Transparency on the rate of catastrophic failure would improve the customer shopping experience. I would like help developing a clear picture of the risk of failure for a replacement Dell product.
Something like "60% of Dell Inspiron Laptops are failure free in the first three years after purchase, and 95% of Dell XPS desktops are failure free in the first three years after purchase". That would help me understand whether it is a form issue or a brand issue.
Though failure rates aren't as high as they once were, they're still higher for notebooks than for many other consumer products - about 1 in 5 notebooks will have a major failure within three years -- and the rates increase markedly beyond that time frame.
There isn't much statistical difference between brands - hardly surprising because notebooks aren't actually made by the company whose name is on the outside (most aren't, anyway; ASUS and Lenovo do make some of their own). Everyone else uses the same small pool of manufacturers - and the two largest of these (Compal and Quanta) make over half of all notebooks regardless of brand - with just a couple of others (Pegatron, Foxconn, Wistron) accounting for most of the rest.
It is always a good idea to buy a 3-year warranty with any notebook - the odds of failure are not insignificant and the repair costs are high based on the fact that just about everything inside the system is integrated onto one, not easily repairable, board. And even with Apple, which does have a better reliability record than some others - the extended warranty is a good idea, since it charges well over $1,000 for a logic board (read: mainboard) replacement on many models.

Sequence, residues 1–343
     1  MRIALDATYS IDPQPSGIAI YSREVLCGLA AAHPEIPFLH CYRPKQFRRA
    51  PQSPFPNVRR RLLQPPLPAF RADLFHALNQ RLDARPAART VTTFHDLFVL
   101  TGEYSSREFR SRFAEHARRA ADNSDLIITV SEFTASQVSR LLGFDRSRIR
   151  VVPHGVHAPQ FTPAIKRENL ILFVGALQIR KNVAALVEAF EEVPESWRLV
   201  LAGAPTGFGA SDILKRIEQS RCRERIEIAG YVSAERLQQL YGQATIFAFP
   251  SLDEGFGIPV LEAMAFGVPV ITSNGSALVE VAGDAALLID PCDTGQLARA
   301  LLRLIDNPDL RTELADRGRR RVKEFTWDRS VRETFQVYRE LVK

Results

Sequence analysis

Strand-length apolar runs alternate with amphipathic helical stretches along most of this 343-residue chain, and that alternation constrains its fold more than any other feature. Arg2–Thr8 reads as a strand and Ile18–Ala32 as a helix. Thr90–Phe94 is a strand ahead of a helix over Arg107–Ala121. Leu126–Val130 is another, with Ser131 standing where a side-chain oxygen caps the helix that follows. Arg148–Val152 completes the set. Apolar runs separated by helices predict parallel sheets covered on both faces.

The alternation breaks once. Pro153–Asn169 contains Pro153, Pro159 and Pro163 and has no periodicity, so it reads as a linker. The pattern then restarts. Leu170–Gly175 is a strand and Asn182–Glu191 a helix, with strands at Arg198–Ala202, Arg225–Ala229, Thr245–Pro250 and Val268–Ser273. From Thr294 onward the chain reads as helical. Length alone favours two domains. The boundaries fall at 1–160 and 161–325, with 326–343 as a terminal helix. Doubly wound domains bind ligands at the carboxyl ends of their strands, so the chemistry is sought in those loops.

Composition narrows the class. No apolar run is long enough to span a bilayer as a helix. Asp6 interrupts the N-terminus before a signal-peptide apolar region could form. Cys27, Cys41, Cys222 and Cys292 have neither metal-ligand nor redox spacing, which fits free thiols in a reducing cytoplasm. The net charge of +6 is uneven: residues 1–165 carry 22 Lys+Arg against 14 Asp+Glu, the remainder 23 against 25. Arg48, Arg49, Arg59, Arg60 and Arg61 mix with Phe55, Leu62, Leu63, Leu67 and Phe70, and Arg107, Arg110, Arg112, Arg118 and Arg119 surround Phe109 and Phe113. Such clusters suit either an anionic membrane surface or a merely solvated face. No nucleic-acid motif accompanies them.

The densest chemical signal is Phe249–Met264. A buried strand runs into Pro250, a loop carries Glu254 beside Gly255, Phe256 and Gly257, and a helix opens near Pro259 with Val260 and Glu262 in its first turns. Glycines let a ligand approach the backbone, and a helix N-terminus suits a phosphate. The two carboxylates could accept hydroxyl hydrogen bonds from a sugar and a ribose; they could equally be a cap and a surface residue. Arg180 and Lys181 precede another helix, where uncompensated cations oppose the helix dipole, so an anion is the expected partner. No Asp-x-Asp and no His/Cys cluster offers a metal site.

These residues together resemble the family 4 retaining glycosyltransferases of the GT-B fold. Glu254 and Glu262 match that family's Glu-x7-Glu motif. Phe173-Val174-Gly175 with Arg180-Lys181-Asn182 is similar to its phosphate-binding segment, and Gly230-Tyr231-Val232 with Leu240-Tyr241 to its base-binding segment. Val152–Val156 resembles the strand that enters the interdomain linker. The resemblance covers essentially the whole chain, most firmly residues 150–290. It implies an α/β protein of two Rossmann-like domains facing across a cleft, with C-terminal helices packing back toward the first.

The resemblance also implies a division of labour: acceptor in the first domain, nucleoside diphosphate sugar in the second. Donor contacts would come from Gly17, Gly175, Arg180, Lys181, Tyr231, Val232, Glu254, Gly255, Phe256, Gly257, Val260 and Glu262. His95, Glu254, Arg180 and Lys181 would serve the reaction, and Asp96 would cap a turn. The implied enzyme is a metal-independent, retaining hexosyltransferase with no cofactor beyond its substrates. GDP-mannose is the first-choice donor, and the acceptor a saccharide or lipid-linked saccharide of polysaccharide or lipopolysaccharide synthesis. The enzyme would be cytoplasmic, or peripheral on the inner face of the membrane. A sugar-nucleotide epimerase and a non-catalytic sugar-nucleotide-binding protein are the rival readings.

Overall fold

Notebooks always notorious for failure, even Apple Mac's have motherboard failures. Although they call them logic boards. Go figure. Actually two things kill a motherboard, spilling liquid on keyboard, or lot's of flexing from picking up a notebook on its corner of chassis. Even a minor flex over time can break a solder connection. I've had notebooks last years, and some last only 6 months. Once out of warranty, the question is, replace or repair.
Here is the really funny thing. I used the laptop as my home computer. Never left the house, never got put in a back pack, never got put in luggage. Weighing in at 5 lbs because of the 17" screen, it is not the sort of laptop that you walk around with in one hand. Or travel with. The most movement it got was being carried (while closed and off) from the desk in the study to the dining room table.
It is unanimous, though. Everyone at work says throw it away. Everyone in my family says throw it away. Everyone at the club says throw it away. Don't try to fix it because computers that break once, break again. Invariably when they are a couple of months out of warranty. I am going to clutter up space with the massive bulk of a screen, tower, keyboard and mouse. Its going to feel just like the 1990s. When I want to use a computer I have to go to the computer room.